My Poison Box

Poison box

When I first started writing Wicked Plants, I had this idea for something I wanted to do on the book tour.  "I'm going to find some kind of old leather doctor's bag," I told my editor one day in New York, "filled with little vials and boxes.  I'll put my poisons in there–strychnine seeds, castor bean, hemlock root–and I'll take it on the book tour." 

I said that as if something like that just existed and it was only a matter of me finding it.  Not that I had ever seen anything precisely like that for sale before.

Later that day, I was walking through the East Village when I came across Obscura Antiques and Oddities,  exactly the sort of place that would sell a weird old medical bag.

And in fact, they had one.  A square leather carrying case lined inside with red velvet.  Filled with little glass vials.  And guess what?  The vials already had wicked plants in them.

I am not making this up.  There was an Opium vial, a Belladonna vial, a Digitalis vial…and many cures, too, from chloroform to mustard powder.  A leaflet tucked inside the lid read "Poisons with Antidotes."

Wow.  It was way more than I expected to spend, but Scott encouraged me to get it.  "You think you're going to find another one of these somewhere?" he said.

He was right.  This was a one-of-a-kind thing.

I have replaced some of the less interesting contents with poisons of my own:  rosary pea seed, peacock flower, datura, tobacco (I bummed a cigarette off a friend for this one.)  It's going with me to Cincinnati tomorrow, and if all goes well, I'll have it with me for the whole tour.  Think I'll make it through airport security?  Hmmmmm…

Below are some of the labels I made myself to match the authentic old ones in the kit.  They look pretty convincing, don't you think?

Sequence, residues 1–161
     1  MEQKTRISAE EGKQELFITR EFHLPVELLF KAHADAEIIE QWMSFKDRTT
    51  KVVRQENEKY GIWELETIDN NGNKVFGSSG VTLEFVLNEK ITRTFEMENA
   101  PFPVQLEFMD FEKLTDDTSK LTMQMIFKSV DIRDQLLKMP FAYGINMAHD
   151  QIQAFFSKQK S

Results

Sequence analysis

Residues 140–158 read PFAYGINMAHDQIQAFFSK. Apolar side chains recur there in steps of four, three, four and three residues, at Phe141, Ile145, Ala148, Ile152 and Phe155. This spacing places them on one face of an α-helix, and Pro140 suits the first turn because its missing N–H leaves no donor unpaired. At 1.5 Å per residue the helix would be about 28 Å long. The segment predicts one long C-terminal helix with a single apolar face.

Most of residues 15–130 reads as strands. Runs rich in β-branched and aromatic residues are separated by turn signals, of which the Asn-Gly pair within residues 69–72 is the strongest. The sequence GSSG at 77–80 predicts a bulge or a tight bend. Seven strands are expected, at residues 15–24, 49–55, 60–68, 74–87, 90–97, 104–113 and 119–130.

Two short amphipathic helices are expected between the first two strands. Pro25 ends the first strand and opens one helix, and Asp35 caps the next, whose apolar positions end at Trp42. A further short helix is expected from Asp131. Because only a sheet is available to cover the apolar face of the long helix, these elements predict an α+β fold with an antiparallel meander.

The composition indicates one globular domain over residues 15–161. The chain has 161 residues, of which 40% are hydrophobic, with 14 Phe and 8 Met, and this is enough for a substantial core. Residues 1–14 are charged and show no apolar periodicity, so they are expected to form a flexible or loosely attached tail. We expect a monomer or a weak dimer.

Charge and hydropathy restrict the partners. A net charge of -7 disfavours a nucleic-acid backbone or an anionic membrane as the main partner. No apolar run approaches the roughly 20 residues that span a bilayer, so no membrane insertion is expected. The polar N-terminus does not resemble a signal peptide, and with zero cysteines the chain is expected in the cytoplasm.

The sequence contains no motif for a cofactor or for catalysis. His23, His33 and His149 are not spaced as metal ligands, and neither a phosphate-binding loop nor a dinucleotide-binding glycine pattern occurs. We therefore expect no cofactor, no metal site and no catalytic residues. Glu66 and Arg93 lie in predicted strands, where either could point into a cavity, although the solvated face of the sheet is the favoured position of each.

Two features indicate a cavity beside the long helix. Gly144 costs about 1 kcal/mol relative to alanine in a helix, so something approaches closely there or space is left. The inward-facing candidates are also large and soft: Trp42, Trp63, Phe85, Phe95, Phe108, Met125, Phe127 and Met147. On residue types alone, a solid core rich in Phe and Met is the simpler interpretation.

Poison vials

6 thoughts on “My Poison Box”

  1. So glad you got it. You’d have kicked yourself forever if you hadn’t.
    I was listening to an audiobook of Silas Marner during a long car ride this weekend. It was fun to hear foxglove (digitalis) mentioned as a treatment for heart problems in this old tale, with it’s great descriptions of life from a time long past.
    Silas Marner, a weaver, is unjustly accused of a crime and he dissappears, moving to a new village where he is unknown. He notices symptoms in a woman, symptoms similar to his mother’s own heart illness, which where helped with digitalis. This woman is helped by his suggestion to use foxglove, something not known the the local doctor. The woman is influential in the town, and this raises Silas Marner’s profile.

  2. That is totally groovy. The closest I can come to this is a cache of old pharmaceuticals from my granddad’s basement (he was a general practitioner MD), including (my favorite) an opium paste for rectal administration named Rectodyne. It’s in a paint tube, and comes with a rectal adapter for easy insertion and a key-thing you fasten on to the bottom of the tube before rolling it up to make sure you get the whole dose out of the tube. It’s from the 1930s. I love the name Rectodyne.

  3. Amazing find! Goes along with what an old friend used to say about putting the energy out there and the world will make it happen (within reason of course).

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